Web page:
“The University faced budget challenges prior to the pandemic as a result of shifting enrollments, which has made it necessary for us to respond with even more urgency to address our new realities,” university officials at that time said in a prepared statement in June 2020.

Dave Meredith, vice president for enrollment management at the University of Toledo, said the reason for enrollment decreases are “complex and multi-factored.” UT has seen enrollment drop 28% from Fall 2012 to Fall 2022.

“If it was one thing, we would have solved it years ago,” he said.

Regional public universities like UT tend to draw most of their students from within 150 miles of their campus, so if the region’s population decreases, those universities have fewer students to draw from, Meredith said.

“There’s fewer people graduating from high school in our backyard,” he said. “The other populations that we tend to recruit from are being drawn into the economy because the economy is doing well.”

UT has also been getting fewer transfer students from Owens Community College, since their enrollment has also dropped.

Potential students might decide not to pursue higher education because of concerns over taking on student loan debt.

“People increasingly are resistant to taking out any sort of loans,” Meredith said.

There are 1,818,300 student loan borrowers in Ohio who together owe $63.1 billion as of Dec. 31, according to the U.S. Department of Education.

The average student loan balance in Ohio was $34,923, according to small business website AdvisorSmith’s 2021 report “States with Highest Student Loans Debt.”

Some universities, however, did see an increase in enrollment.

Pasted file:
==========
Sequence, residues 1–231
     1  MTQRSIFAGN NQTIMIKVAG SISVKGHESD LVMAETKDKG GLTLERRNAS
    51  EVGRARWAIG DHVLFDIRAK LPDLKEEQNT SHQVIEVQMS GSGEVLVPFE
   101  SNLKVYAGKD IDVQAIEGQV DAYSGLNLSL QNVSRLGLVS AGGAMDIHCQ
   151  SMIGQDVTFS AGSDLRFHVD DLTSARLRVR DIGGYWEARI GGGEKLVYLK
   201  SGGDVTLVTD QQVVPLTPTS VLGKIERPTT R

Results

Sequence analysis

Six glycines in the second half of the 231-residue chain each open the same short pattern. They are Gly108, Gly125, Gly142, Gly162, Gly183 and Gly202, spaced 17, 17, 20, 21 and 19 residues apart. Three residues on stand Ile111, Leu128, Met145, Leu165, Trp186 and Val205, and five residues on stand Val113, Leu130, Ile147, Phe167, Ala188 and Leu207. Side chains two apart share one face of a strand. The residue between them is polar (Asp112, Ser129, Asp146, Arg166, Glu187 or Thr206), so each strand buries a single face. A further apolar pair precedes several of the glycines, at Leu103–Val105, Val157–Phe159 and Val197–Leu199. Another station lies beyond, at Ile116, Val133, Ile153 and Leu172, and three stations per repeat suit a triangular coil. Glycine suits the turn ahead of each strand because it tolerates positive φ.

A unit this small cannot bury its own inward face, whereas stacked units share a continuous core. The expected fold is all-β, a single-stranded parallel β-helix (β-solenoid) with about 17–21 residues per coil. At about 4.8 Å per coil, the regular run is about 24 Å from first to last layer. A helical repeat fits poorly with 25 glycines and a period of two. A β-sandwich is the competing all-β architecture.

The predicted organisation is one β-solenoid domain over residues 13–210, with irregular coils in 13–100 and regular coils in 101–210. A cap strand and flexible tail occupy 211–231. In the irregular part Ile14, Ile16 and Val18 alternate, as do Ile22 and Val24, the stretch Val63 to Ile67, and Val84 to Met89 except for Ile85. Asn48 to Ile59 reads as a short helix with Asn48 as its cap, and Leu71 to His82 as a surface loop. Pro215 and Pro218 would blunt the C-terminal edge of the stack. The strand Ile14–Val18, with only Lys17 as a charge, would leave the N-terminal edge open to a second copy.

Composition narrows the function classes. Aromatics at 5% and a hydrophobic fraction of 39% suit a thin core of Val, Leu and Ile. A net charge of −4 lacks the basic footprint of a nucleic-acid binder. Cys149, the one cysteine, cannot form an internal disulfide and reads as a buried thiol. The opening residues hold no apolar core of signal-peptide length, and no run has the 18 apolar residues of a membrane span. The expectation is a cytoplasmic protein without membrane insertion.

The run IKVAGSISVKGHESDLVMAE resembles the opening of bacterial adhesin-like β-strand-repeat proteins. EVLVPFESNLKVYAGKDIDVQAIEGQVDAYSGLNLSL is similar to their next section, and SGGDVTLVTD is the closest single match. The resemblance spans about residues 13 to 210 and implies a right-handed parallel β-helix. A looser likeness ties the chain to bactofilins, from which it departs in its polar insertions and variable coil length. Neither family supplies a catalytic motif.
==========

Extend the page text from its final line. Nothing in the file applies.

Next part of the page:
Central State University’s enrollment jumped from 2,125 students in Fall 2012 to 5,395 students in Fall 2022. Northeast Ohio Medical School also saw a bump in enrollment, going from 789 students in the Fall 2012 to 983 in the Fall 2022.

The University of Cincinnati saw a 14% increase in enrollment and Ohio State University saw a modest 2% increase.

Community colleges

There were 169,643 students enrolled in community colleges in Fall 2022, compared to 192,926 in Fall 2012.

“If the economy is doing well, those populations dry up because those folks can get jobs,” Meredith said. “When the economy is not doing well, community colleges tend to see their enrollment go up.”

Belmont Technical College saw the sharpest decline in total enrollment (-56%), followed by Owens Community College (-55%), and Rhodes State College (-47%).

Eastern Gateway Community College’s enrollment skyrocketed from 2,561 in Fall 2012 to 30,348 in Fall 2022. Edison State Community College saw a 40% spike in enrollment and Northwest Community College saw a 22% increase in enrollment.

Ohio Capital Journal is part of States Newsroom, a network of news bureaus supported by grants and a coalition of donors as a 501c(3) public charity. Ohio Capital Journal maintains editorial independence. Contact Editor David DeWitt for questions: info@ohiocapitaljournal.com. Follow Ohio Capital Journal on Facebook and Twitter.